It’s going to be great.
What is wrong with me? How did I get to this place? How did I find joy and wonder in my work while others gnash teeth and tear hair? It isn’t my success to date, which is tiny; nor is it my upbeat disposition, which is pure fakery. So what is it?
Here’s a thought – I love it because it’s a draft. It may be made of words, but it’s not a novel yet. It’s been work of course, the work of felling trees and forging nails, but this is the lumber and hardware and cleared ground, not the finished house. It’s a pile of words and ideas, and for that, it’s just fine. Well, maybe I will need a few more words.
The draft is the start, the lumber and blueprints. It will not house or warm you, not without a lot of work to come. It’s just a stage.
Get excited. And get to work.
Apologies to Greta Garbo… Happy New Year! Here’s some recent Tony-media for you to enjoy!
Today my interview with author Raymond Bolton appears on his website. It’s certainly the most personal public conversation I’ve ever had, a story of insecurity, confusion and doubt, redeemed by the help of colleagues and the business model for Honest Tea.
Castle of Horror‘s Jason Henderson interviewed me for the Castle Talk podcast. It’s an unusual discussion, since it focuses on Demon‘s non-fantasy elements – corporate life and the travails of the business road-warrior, and how that culture defined the book’s style and language.
Finally, as a New Year’s present to my wonderful editor Vivian Caethe, I posted a video of my December 1 2016 reading on my public Facebook author page. It’s about forty-five minutes, with a short intro about my inspiration, three passages (in eight voices) from the book, and a bit at the end about marketing and promotion – which, as readers of this blog know, took over my creative life in the months leading to the Demon launch. (Those who’d rather listen can find the audio through this link, or the first comment on the FB video post.)
I think it’s official now: I have fallen out of the habit of writing. I don’t mean to say “I’m not writing” or #amwriting – just that over the past year it’s been an ad-hoc effort, when the mood takes me.
I’m not in a panic – I have a new project, and I am even taking a class so that I have a talented writer to hold my nose to its grindstone. I am simply surprised not to be more weird about this.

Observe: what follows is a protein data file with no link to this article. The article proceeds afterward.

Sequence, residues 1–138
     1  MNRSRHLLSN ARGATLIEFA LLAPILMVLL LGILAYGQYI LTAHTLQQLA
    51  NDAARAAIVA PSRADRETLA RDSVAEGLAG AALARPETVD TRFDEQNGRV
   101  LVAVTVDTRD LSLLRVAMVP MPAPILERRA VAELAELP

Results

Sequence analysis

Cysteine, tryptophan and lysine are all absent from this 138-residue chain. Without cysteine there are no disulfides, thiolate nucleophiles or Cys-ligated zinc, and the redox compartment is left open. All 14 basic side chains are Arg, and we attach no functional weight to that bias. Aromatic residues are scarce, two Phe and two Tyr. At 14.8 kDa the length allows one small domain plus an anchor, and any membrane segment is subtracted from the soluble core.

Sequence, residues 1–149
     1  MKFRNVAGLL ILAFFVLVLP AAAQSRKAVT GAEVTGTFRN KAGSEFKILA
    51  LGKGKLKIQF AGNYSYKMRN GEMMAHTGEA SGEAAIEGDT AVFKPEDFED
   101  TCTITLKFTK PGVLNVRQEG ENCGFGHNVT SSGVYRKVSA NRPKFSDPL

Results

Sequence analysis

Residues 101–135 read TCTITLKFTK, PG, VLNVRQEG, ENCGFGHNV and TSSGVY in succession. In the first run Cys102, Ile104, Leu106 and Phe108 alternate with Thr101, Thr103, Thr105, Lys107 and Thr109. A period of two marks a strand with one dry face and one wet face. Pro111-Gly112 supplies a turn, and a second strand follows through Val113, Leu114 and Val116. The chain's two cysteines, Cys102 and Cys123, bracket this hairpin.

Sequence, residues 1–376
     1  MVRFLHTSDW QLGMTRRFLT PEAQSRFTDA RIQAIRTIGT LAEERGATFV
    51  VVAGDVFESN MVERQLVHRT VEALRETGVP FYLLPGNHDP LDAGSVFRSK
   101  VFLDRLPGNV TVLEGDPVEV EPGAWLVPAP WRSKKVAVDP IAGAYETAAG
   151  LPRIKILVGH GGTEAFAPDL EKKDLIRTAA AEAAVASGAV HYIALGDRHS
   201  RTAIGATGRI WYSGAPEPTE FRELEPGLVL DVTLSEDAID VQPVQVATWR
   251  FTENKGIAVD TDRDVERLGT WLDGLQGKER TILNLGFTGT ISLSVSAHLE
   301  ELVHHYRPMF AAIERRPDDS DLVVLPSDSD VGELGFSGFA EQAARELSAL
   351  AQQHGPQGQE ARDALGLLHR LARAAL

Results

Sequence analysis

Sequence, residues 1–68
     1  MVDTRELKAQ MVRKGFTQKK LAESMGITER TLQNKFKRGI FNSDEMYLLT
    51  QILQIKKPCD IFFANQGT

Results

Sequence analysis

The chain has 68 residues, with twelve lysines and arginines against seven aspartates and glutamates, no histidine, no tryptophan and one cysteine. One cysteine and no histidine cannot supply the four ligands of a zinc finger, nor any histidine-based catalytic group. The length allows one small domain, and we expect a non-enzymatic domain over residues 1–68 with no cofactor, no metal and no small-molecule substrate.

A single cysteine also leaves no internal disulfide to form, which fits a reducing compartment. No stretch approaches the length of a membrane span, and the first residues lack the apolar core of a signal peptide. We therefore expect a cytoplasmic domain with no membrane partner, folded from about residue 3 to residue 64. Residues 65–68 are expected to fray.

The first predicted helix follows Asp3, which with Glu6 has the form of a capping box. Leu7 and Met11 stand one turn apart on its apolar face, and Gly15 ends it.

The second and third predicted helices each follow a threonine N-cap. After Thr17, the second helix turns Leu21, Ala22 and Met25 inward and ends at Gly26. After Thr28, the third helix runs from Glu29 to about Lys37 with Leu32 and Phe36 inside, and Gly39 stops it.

I suspect it’s because the effort to market Demon turned out to be so creatively interesting – something akin to the difference between writing the play and acting in it.
Plays close, of course. Demon, I hope, will keep going. Perhaps the better analogy is to a previous album, songs on which I will perform for years after – but I’m more likely to perform the old songs if I keep coming out with new ones.
I don’t know if it will rise to the level of a New Year’s Resolution – and that would be a telling thing if it had to – but I need to start cultivating a writing habit again. That means approaching it with scheduled regularity for the next long while.
For me that means hours, not words. My colleagues often post their daily word counts, but that method never worked for me, probably because I don’t just write while I write. Like Penelope, I undo my work as I go, though unlike her I do it first thing in the morning. Even during the headlong charge of NaNoWriMo 2015, I couldn’t keep myself from editing, especially once I was three-fourths of the way to the 50K word count. People who write productivity books cluck and ruffle feathers, and isn’t that an analogy that’s not going anywhere kind to them? Stepping back….
I feel a pressure to keep it neat, akin to a bricklayer making sure to scrape away excess mortar. Perhaps that comes from the huge amount of words I threw out of early Demon drafts, and my desire not to write so inefficiently again. Perhaps I am just afraid the words will dry.
Perhaps, in my process, whatever it is, words can dry, and I’d be a fool not to respect that – whatever reality or self-indulgence that woolly concept implies to my number-crunching colleagues. They write them and I write me and I dry.
I get the rest of this week to play and shop. On Christmas night, I have to make a schedule. Maybe I should throw in a little time to exercise too. Or maybe that’s the New Year’s Resolution!